The emergence of populism around the globe mirrors the general distrust and dissatisfaction with the political branches. Notwithstanding the widespread of populism in both old and young democracies, Taiwan seems to be resilient to the pathology of populism, and democracy in Taiwan remains stable. Nevertheless, Taiwan’s democracy is actually built on shaky grounds, an issue that has not received enough attention. This paper suggests that civil constitutionalism, broadly defined, may be a proper response to undergird and further strengthen constitutional democracy in Taiwan. Specifically, this paper will analyze the implementation of civil constitutionalism and the lack thereof in Taiwan from three perspectives: the rigidity of the written Constitution and constitutional amendments, the participation of civil society in political governance, and constitutional review in Taiwan. In all three areas, Taiwan’s constitutional democracy has demonstrated both some strengths as well as weaknesses. “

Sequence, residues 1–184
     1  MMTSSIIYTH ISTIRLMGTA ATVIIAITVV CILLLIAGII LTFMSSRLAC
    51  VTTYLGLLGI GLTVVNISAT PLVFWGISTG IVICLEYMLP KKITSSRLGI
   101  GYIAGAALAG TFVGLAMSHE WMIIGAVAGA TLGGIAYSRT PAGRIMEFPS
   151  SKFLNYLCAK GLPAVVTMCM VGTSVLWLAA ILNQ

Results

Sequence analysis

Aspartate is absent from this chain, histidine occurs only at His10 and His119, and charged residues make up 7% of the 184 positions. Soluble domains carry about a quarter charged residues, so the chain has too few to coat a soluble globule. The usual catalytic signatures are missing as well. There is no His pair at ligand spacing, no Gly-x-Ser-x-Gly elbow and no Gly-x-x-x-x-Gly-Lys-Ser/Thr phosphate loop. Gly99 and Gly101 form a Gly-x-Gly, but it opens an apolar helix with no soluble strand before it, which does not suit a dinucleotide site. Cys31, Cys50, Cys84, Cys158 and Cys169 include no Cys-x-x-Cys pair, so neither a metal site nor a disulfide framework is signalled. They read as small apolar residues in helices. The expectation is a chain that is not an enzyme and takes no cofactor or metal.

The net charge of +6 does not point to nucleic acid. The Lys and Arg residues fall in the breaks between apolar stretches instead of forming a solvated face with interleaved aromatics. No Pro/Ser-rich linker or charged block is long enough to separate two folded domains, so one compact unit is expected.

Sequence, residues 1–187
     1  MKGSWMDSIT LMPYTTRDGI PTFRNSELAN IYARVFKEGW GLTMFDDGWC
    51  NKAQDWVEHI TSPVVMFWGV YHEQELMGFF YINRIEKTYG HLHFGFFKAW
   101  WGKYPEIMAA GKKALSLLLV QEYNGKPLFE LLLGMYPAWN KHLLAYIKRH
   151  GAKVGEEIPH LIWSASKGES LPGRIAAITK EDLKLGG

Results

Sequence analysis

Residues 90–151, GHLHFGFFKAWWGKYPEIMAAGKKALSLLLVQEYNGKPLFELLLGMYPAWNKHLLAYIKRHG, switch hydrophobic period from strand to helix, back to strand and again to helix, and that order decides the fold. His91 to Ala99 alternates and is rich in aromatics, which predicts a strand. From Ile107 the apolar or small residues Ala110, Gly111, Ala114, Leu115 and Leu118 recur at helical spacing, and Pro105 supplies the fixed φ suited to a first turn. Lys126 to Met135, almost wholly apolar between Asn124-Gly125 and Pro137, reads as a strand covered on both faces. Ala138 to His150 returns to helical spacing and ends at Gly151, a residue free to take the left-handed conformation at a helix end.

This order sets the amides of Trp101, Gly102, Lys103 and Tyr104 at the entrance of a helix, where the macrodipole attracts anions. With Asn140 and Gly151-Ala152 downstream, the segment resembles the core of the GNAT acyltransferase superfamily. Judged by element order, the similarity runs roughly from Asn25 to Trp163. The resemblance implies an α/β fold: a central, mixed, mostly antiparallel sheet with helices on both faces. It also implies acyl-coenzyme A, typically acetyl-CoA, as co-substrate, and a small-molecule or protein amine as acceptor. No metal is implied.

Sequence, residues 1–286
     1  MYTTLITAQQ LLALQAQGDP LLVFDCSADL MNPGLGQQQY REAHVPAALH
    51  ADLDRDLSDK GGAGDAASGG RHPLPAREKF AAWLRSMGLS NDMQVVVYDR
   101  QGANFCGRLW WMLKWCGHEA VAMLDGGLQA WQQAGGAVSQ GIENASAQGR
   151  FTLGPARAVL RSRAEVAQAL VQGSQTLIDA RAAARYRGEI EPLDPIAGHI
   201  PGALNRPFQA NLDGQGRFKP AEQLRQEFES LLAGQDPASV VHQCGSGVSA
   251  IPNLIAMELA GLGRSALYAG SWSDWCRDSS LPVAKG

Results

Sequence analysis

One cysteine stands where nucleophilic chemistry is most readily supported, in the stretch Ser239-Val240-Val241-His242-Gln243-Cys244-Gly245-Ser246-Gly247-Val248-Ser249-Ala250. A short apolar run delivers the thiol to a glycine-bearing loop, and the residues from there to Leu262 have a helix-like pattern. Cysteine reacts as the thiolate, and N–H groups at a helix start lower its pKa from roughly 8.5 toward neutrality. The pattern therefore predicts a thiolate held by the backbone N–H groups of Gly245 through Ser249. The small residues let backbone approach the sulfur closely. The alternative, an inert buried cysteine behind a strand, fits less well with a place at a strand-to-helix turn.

We look forward to welcoming you on July 3-5, 2023 for our Annual Conference entitled "Islands and Ocean: Public Law in a Plural World." The conference will take place at the Victoria University of Wellington, in New Zealand. We will be announcing more details about the conference soon, including financial support to early career and global south scholars!